Nuclear Issues

452 Items

A satellite photo showing heavy snows along the Korean coast, mid-February 2011.

NASA images courtesy MODIS Rapid Response Team at NASA GSFC

Report - Belfer Center for Science and International Affairs, Harvard Kennedy School

A Policy of Public Diplomacy with North Korea

| August 2021

The Biden administration has emphasized the importance of alliances and core values of democracy in its foreign policy approach. Given this emphasis, public diplomacy—activities intended to understand, inform, and influence foreign audiences—should be considered an essential tool in achieving our long-term policy objectives in North Korea. Public diplomacy has the potential to spur domestic change in North Korea—change that could result in improved human rights conditions, leading to behavioral change in the Kim regime, and eventually denuclearization.

The embassy of the Democratic People's Republic of Korea, in Moscow in 2008 (Denghu/Wikimedia Commons).

Denghu/Wikimedia Commons

Journal Article - Asian Security

Spies, Diplomats and Deceit: Exploring the Persistent Role of Diplomatic Missions in North Korea’s WMD Proliferation and Arms Trafficking Networks

| July 05, 2021

North Korea frequently uses diplomatic missions, diplomats and intelligence officers in its Weapons of Mass Destruction (WMD) proliferation and arms trafficking networks. The paper places the use of these assets in historical context, provides a basic typology of their role, and considers why they have featured in North Korea’s networks. The paper identifies a number of trends surrounding the use of North Korean missions – including the types and locations of missions featuring in specific types of proliferation and arms dealing activities, the prominence of larger missions and use of third country and regional hubs. It argues that the persistence of these assets in the DPRK’s networks is largely a result of convenience and diplomatic immunity. The paper concludes by recommending further action to counter these assets while arguing that the phenomenon will continue to be a challenging feature of North Korea’s proliferation and arms trading activities.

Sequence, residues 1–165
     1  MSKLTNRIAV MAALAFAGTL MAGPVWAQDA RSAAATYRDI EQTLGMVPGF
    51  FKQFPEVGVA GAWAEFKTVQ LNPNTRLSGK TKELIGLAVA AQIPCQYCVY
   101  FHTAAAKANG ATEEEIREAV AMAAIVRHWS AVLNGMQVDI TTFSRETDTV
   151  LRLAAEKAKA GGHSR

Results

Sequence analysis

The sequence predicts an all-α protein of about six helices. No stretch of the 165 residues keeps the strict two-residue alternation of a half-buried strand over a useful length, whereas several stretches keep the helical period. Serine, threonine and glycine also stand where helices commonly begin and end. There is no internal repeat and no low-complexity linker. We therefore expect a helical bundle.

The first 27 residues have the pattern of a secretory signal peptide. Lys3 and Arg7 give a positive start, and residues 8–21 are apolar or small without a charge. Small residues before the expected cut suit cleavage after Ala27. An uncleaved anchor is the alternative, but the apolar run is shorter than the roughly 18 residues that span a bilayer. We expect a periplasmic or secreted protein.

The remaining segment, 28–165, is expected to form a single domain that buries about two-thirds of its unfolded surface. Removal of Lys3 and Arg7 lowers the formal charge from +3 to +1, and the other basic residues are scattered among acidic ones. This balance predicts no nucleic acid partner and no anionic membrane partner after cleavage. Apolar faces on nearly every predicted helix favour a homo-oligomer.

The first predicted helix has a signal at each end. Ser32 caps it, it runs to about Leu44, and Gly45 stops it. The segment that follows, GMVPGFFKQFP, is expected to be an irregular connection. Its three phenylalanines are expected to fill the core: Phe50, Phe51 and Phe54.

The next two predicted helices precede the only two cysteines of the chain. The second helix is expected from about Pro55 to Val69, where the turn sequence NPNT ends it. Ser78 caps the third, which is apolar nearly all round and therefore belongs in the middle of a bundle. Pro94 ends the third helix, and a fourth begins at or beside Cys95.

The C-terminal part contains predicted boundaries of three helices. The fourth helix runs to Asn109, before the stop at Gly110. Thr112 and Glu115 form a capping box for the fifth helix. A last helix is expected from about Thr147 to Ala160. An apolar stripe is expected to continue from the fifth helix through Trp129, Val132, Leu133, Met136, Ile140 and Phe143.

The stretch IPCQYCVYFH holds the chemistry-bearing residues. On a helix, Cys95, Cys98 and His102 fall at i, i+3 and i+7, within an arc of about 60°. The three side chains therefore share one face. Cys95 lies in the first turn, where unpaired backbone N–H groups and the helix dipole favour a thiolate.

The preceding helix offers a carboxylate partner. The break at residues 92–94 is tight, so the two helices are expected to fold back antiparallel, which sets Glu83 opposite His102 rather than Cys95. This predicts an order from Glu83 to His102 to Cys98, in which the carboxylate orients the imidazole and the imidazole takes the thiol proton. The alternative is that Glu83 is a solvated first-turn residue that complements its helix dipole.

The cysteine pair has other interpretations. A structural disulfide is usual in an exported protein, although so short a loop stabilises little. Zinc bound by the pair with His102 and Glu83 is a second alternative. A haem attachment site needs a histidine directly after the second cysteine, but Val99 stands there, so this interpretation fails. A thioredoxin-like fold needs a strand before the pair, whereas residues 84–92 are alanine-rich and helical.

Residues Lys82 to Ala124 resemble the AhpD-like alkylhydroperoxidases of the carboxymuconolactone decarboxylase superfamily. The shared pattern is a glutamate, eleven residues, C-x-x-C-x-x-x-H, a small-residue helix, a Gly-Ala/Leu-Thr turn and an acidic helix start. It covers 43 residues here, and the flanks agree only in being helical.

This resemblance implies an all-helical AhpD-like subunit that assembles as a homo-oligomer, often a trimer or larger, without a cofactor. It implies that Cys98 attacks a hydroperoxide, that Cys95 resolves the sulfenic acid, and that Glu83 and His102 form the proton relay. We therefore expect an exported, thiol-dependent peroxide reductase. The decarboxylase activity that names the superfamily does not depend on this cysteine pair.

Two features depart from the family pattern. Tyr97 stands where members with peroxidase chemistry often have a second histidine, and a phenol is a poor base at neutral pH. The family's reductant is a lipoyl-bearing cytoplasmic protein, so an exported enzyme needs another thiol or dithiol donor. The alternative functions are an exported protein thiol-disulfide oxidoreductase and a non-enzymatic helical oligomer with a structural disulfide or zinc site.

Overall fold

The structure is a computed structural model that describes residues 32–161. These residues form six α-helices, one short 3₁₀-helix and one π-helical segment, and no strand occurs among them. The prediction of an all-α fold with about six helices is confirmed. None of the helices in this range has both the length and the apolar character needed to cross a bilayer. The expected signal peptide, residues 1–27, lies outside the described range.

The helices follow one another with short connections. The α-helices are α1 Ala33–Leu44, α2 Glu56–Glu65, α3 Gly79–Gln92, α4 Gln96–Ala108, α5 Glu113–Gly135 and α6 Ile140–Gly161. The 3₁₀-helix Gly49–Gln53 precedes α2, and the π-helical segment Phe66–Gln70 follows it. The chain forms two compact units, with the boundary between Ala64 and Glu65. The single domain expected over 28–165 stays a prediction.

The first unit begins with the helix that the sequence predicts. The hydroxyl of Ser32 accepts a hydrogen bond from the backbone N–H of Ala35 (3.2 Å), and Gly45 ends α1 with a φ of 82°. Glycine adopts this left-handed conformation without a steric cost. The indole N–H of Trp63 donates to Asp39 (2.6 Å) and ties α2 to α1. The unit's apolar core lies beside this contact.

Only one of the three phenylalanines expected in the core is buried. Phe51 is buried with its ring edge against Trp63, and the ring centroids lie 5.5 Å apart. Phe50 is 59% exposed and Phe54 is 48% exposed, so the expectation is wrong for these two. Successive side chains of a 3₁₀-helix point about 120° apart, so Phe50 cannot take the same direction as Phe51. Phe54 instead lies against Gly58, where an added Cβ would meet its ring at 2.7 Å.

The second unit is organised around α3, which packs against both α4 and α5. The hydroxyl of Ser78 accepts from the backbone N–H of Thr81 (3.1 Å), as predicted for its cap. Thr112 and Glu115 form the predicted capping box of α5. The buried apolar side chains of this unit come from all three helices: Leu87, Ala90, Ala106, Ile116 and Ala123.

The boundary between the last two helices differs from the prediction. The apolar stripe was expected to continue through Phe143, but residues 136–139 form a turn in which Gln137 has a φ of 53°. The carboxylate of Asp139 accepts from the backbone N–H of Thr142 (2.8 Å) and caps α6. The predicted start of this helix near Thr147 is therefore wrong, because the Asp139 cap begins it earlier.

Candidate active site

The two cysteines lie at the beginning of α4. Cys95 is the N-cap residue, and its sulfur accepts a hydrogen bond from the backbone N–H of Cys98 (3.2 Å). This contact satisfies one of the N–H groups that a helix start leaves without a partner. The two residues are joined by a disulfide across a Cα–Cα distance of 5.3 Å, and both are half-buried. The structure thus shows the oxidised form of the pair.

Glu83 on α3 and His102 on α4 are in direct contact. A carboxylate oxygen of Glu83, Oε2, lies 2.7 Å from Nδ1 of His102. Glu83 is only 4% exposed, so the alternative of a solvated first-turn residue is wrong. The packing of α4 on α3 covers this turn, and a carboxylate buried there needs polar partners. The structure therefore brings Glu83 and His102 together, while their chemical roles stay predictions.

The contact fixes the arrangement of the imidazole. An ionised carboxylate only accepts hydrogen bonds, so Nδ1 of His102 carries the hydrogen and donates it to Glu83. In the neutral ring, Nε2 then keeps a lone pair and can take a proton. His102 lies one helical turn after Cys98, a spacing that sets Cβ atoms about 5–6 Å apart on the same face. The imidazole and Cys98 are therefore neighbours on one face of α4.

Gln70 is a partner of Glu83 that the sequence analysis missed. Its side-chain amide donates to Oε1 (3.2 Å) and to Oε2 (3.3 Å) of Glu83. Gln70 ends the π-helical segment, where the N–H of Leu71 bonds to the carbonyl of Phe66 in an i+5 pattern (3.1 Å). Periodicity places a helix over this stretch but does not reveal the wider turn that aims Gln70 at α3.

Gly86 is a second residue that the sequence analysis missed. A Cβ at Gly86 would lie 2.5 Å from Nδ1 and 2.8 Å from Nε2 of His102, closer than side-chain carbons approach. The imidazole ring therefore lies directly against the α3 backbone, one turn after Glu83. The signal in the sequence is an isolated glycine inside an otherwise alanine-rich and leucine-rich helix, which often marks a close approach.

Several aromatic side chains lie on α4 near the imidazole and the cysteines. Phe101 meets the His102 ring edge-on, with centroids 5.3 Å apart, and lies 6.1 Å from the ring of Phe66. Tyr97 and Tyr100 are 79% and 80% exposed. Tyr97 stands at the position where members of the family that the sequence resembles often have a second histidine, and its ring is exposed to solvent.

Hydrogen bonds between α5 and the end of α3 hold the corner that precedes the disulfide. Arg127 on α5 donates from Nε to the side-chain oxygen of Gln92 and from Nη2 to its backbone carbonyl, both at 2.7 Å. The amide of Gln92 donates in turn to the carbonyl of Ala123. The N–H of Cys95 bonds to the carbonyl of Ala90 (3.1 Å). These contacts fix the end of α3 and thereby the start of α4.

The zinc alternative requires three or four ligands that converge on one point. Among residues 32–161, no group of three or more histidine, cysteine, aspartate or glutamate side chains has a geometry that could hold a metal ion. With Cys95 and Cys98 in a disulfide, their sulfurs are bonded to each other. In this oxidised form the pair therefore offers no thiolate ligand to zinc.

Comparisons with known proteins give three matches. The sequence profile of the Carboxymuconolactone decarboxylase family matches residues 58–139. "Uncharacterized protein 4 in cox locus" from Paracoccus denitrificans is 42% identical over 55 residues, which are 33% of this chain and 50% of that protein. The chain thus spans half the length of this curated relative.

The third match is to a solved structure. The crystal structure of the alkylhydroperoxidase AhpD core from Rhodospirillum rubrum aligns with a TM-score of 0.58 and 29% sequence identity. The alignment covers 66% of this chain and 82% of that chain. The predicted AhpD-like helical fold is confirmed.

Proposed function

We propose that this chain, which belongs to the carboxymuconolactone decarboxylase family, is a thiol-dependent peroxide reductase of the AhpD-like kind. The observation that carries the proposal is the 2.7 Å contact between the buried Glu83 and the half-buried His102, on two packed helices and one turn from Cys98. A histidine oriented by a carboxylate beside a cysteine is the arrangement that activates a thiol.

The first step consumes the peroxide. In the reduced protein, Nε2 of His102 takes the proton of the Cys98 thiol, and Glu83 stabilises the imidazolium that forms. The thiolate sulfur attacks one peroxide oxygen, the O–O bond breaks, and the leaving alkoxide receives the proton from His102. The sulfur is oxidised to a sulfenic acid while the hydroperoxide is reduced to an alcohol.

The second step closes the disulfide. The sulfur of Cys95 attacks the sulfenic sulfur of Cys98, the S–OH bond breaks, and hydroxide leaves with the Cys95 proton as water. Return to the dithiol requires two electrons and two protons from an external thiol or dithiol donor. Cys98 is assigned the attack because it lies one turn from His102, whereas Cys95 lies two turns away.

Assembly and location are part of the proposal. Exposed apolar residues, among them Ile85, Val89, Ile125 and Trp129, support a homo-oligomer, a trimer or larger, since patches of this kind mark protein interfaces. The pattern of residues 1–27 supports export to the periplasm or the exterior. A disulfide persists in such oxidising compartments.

Photo of U.S. Gen. Vincent Brooks commander of the United Nations Command, U.S. Forces Korea and Combined Forces Command, speaks during an opening ceremony for the new headquarters of the U.S. Forces Korea (USFK) at Camp Humphreys in Pyeongtaek, South Korea. Friday, June 29, 2018.

(AP Photo/Ahn Young-joon, Pool)

Magazine Article

'This Is a Window of Opportunity.' Ret. General Vincent K. Brooks on Why Things Might Be Moving Again With North Korea

| June 24, 2021

Few know the intricacies of the North Korean problem better than General Vincent K. Brooks, who retired from active duty in January 2019 as a four-star general in command of over 600,000 Koreans and Americans comprising the U.S. Forces Korea, U.N. Command and ROK-U.S. Combined Forces. He also previously served as commanding general of U.S. Army Pacific.

Now a Senior Fellow at Harvard Kennedy School’s Belfer Center for Science and International Affairs, General Brooks spoke to TIME about opportunities for a breakthrough with North Korea during the Biden Administration.

Mohammad Javad Zarif during the Munich Security Conference 2019

Balk /MSC

Analysis & Opinions - Bulletin of the Atomic Scientists

“Transactional” Nuclear Diplomacy May Provide a Path toward “Grand Bargains” with Iran and North Korea

| Apr. 29, 2021

Proponents of “transactional” diplomacy argue that comprehensive deals to transform political relationships are unrealistic, and that zeroing in on the most pressing issue is the only way to make any tangible progress. The “grand bargainers” retort that any deal that isn’t comprehensive will face fatal opposition from important stakeholders.

Both arguments have some merit, but the perceived distinction between them is a false one: Past engagements with Iran and North Korea were premised on the hope that piecemeal transactions could provide a platform for more sweeping diplomacy. And the best nonproliferation progress has been achieved when all sides perceived diplomatic transactions as incremental steps toward broader reconciliation.

missile test

Korean Central News Agency/Korea News Service via AP, File

Analysis & Opinions - The National Interest

Falling in Love Again: U.S.-North Korean Relations and the Biden Administration

| Apr. 26, 2021

William d'Ambruoso explains why high-level engagement, built on a baseline of deterrence, lessens the chances of war and opens the way for future cooperation in North Korean–U.S. relations.

In this June 14, 2019, file photo, South Korean army soldiers patrol while hikers visit the DMZ Peace Trail in the demilitarized zone in Goseong, South Korea. 

AP Photo/Ahn Young-joon

Implications of the 2020 Presidential Election on North Korea Policy

| Fall 2020

In the lead up to the 2020 presidential election, the Belfer Center’s Korea Project co-sponsored an event on October 6 with the Consulate General of the Republic of Korea in Boston to explore the impact of the election outcome on North Korea policy. A group of diverse policy analysts drew on their collective experience serving in various administrations and conducting cutting-edge research on North Korea for a lively panel discussion.